By Jonny Wakefield
October 8, 2015
U.S. Democratic presidential candidate Hillary Clinton's recently released energy plan mentions Canada just five times, but it could have a major impact on cooperation between the two countries.
While light on specifics, Clinton's "vision" for modernizing North American energy infrastructure outlines a few policies that would affect Canada.
Chief among them: if Clinton becomes president in 2016, she will "immediately launch negotiations with the leaders of Canada and Mexico" aimed at securing a North American Climate Compact to clean up the continent's energy and vehicle markets.
Clinton would do this by coordinating policy to "catalyze" clean energy development, reduce energy costs and cut greenhouse gas emissions.
The integrated nature of the North American energy market has long been a stumbling block for action on climate change. The issue has come up on more than one occasion during Canada's 2015 election campaign.
The Conservative energy minister in the 2008 election promised greenhouse gas regulations in the oil and gas sector. During the first debate of the 2015 campaign, Conservative Leader Stephen Harper said those regulations have yet to materialize due to foot-dragging on the part of the Americans.
"This is an integrated North American sector, and we need integrated North American regulations," Harper said. "I've made that proposal to our partners, both the United States and Mexico. They haven't accepted that, but we are ready to go."
Liberal leader Justin Trudeau argued that "Canada is nowhere to be found" on the climate change file, saying the Liberal Party would work with the U.S. and Mexico "on a continental model" which seems similar to Clinton’s proposals.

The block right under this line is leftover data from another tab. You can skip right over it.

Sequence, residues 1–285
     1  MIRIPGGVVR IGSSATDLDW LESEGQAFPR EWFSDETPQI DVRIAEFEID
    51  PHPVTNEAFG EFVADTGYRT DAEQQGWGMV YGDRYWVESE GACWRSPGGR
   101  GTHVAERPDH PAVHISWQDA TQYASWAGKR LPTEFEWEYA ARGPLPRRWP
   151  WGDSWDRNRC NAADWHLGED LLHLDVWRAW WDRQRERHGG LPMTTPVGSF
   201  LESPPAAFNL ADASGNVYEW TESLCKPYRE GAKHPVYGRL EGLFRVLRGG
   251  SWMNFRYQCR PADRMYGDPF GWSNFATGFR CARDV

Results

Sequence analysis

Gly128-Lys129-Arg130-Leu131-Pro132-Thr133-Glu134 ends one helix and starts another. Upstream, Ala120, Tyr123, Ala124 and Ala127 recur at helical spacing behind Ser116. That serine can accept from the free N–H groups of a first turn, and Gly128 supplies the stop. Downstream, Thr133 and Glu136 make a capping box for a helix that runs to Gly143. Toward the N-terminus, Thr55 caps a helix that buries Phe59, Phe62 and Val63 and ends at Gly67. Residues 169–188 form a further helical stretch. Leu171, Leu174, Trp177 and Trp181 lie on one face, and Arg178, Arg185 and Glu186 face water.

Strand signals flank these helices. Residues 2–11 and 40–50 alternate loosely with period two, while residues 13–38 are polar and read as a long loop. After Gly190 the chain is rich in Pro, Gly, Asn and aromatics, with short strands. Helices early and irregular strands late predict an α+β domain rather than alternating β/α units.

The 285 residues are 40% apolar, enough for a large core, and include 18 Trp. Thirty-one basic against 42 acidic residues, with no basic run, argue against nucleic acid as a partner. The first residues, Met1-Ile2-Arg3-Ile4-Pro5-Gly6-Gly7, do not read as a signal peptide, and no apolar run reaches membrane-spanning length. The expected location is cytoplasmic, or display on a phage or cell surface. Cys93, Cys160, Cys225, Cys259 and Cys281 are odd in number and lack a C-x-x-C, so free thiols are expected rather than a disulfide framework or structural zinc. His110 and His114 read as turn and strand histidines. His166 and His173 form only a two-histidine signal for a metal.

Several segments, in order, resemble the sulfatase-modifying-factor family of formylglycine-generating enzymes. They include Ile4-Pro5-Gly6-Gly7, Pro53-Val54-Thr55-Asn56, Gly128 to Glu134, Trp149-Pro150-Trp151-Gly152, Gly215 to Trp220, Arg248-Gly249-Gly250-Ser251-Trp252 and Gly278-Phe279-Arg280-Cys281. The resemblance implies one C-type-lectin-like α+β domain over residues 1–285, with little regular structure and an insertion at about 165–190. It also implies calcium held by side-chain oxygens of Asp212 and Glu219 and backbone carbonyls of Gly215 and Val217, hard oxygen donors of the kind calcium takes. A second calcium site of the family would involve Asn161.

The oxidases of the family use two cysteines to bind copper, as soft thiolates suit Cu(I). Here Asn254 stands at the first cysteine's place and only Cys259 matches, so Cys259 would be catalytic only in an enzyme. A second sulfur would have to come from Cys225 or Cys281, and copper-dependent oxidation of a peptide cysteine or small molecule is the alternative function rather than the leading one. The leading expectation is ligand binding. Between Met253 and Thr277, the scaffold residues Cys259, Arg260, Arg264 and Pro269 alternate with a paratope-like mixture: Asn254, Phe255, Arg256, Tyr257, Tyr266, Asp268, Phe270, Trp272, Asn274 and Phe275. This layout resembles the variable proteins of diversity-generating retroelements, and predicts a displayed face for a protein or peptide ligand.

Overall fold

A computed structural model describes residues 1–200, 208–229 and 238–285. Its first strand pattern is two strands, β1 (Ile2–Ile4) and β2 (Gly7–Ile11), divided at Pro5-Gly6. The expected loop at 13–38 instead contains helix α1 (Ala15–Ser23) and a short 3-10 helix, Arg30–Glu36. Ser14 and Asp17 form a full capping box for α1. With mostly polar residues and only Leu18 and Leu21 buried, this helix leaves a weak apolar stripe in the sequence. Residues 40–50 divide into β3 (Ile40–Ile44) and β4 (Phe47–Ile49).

Clinton's Sept. 23 policy brief also refers to the integration of regional emissions trading schemes like the cap-and-trade market that exists between Quebec and California.
Canada has traditionally indexed its greenhouse-gas reduction targets to the United States to avoid trade imbalances. However, Canadian reduction targets rolled out in May broke with precedent, aiming for 30 per cent below 2005 levels by 2030.
The Americans, meanwhile, have committed to a 28 per cent reduction.
But if Clinton wins in the U.S. and Harper is re-elected in Canada, the two nations could be looking at frosty relations on energy development. Clinton ruffled feathers in Ottawa late last month when she came out in opposition to the Keystone XL pipeline.
Clinton has typically been pegged as the frontrunner for the Democratic nomination, though new polls suggest Bernie Sanders may be leading in the crucial Iowa primary.
The next round of climate talks begins in Paris later this year.